By MATT WIXON
The Dallas Morning News
The only Steven Seagal movie I’ve seen is Marked for Death, and I saw it when I was marked with pimples and struggling with peer pressure. But the movie did make a big impression on me.
First of all, Marked for Death remains the best movie I’ve seen involving a Jamaican drug kingpin named “Screwface.” Second, I still remember that Seagal thwarted injustice with martial arts and delivered powerful lines such as “put your hands where I can see ’em or I’m gonna blow your head off.”
He had the energy to do both.
So when I heard there is an energy drink called Steven Seagal’s Lightning Bolt, I wasn’t surprised. I also wasn’t surprised to see the Web site for Lightning Bolt claim that the drink holds “untold natural power.”
Untold natural power! That’s unintentionally hilarious, much like Steven Seagal.
But, hey, I’ll give Seagal some credit. He unveiled the drink a couple of years ago to cash in on the ridiculous popularity of energy drinks. And it doesn’t take Seagal’s incredible wisdom — “infinite wisdom” in the humble words of his Web site — to know that the best way to market an overpriced energy drink is by being over the top.
For example, Spike Shooter energy drink takes this subtle approach on its Web site:
“Spike is so potent, the label warns newbies to take it slow, but the flavor’s so good, you’ll want to slam the whole can.”
Whoa, dude. It must be the 1,057 milligrams of “Spike Shooter Formula” in every can. You’ve got to take that slow. Same goes for Burn energy drink’s proprietary blend of Endurlac.
Wait a second. What the heck is Endurlac?
Well, I’m sure it has some beneficial quality, just like the white willow bark extract in BHIP, the aronia berry in Amplifire and the aloe leaf and COQ10 in Marquis Platinum Vitality Drink. I bet if you asked people about their drink, they would guess COQ10 is a character from Star Wars before they guessed it was in their cup.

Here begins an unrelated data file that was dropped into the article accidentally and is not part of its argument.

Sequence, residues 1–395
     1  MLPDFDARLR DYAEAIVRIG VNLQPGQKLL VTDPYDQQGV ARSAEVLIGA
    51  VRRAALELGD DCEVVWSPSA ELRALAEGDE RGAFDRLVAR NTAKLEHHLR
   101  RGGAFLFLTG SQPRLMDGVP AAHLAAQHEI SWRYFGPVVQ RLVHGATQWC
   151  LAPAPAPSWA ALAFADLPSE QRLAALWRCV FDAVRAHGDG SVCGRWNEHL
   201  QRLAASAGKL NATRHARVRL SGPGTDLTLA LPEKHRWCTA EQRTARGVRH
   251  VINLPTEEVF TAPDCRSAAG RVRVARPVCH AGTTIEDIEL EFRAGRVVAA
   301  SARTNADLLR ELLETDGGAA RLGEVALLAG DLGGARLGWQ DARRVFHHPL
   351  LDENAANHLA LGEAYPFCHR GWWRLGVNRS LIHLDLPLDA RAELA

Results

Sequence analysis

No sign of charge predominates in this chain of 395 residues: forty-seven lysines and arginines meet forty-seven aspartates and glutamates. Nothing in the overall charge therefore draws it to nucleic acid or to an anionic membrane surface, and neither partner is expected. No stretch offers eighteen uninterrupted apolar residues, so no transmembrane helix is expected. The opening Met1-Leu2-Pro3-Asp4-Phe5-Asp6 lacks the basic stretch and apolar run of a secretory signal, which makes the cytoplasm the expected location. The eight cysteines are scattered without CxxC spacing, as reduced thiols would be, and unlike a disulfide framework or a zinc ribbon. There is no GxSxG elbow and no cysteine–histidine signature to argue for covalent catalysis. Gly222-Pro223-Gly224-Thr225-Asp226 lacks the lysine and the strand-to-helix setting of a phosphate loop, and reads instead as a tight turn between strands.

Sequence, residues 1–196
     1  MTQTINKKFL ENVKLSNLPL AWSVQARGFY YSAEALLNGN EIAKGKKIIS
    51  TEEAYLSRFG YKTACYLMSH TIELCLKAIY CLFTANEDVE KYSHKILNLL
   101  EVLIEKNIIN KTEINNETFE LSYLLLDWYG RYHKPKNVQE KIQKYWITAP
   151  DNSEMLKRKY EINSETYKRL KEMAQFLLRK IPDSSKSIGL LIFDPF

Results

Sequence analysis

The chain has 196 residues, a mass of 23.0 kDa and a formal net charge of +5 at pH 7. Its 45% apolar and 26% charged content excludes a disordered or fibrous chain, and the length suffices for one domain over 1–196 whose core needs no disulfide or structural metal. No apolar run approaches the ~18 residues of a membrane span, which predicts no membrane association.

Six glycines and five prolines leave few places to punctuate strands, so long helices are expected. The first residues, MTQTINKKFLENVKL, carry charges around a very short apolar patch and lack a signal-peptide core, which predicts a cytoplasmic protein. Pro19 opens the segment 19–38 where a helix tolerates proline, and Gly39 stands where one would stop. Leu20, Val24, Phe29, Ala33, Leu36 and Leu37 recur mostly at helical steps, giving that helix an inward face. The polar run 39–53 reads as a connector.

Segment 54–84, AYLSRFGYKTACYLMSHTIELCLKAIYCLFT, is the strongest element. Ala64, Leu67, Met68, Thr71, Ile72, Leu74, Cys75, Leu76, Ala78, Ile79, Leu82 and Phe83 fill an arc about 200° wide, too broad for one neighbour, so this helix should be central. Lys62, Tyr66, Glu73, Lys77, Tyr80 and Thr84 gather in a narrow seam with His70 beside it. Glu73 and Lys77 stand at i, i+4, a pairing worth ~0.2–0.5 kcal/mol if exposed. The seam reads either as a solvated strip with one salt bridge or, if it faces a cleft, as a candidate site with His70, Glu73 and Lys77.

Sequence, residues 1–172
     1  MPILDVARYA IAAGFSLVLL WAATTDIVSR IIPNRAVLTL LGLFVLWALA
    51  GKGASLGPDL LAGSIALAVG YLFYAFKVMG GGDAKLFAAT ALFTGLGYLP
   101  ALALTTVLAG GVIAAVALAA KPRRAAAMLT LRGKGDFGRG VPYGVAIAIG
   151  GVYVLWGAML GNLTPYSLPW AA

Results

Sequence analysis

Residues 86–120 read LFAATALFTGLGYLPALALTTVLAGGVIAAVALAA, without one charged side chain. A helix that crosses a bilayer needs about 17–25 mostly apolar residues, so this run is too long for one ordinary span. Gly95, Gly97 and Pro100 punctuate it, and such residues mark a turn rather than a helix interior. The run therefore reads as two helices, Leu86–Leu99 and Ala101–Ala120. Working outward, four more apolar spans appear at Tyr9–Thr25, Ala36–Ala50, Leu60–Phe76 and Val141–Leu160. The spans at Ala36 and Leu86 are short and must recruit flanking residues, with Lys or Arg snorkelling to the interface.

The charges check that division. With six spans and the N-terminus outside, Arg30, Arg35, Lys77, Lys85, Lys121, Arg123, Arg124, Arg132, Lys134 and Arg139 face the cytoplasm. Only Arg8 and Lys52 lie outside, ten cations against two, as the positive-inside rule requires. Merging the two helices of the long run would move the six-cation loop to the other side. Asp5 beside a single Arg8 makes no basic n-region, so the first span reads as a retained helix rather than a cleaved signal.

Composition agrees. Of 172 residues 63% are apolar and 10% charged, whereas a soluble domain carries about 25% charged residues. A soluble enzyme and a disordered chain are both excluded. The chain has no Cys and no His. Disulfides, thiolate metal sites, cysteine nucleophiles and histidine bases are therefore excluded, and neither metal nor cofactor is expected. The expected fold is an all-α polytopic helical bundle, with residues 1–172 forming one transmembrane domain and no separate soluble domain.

But it might not matter what’s in the drink. If you check an energy drink’s Web site, the ingredients are often difficult to find. But it’s easy to find descriptions such as this for Monster Energy drink:
“We went down to the lab and cooked up a double shot of our killer energy brew. It’s a wicked mega hit.”
The writer had to be laughing when putting those lines together. Doesn’t it sound like a thirtysomething person trying to talk cool to the neighborhood kids? Like this column is so wicked hype.
But of course, energy drinks are not for kids. Many even include warnings that their product is not suitable for children, although Mad Croc says its energy drink is what you need “when your parents remind you that the lawn isn’t going to mow itself.”
So I guess it is suitable for the slacker adult who needs to get a job and move out of the house.
It’s also suitable for women, but they might prefer Rip It Chic Energy, which boasts that it was “designed by a female chemist.” Its flavors are — omigod! — “Sin-A-Man” and “Berry In-O-Scent.”
Or maybe women would be more interested in Hype Enlite. I don’t know what’s in it, but the Web site raves about its bottle:
“The Hype Enlite packaging is pink and very stylish, contains a stunning floral design and hidden messages. Once the liquid is poured into a glass, you will see it matches the can’s refreshing pink looks.”
Yes, if you’re the kind of person who values a drink that matches the color of its can, this one’s for you.
If you prefer a drink that adds words to the language, check out Vault Red Blitz. It’s a one-two punch of “refreshergy.” If you want a drink that claims to enhance sexual prowess, check out Wired XXX. Drink it down, then get wild with the help of Maca, L-Arginine and Horny Goat Weed.
Or maybe you just want a lift from some Tibetan Goji Berries. That’s part of Steven Seagal’s Lightning Bolt, which contains the “countless secrets of true energy that Steven Seagal has discovered.”
It also promises that you won’t have an energy crash a few hours after drinking it. That crash is experienced only with other drinks.
And with the careers of some action-movie stars.
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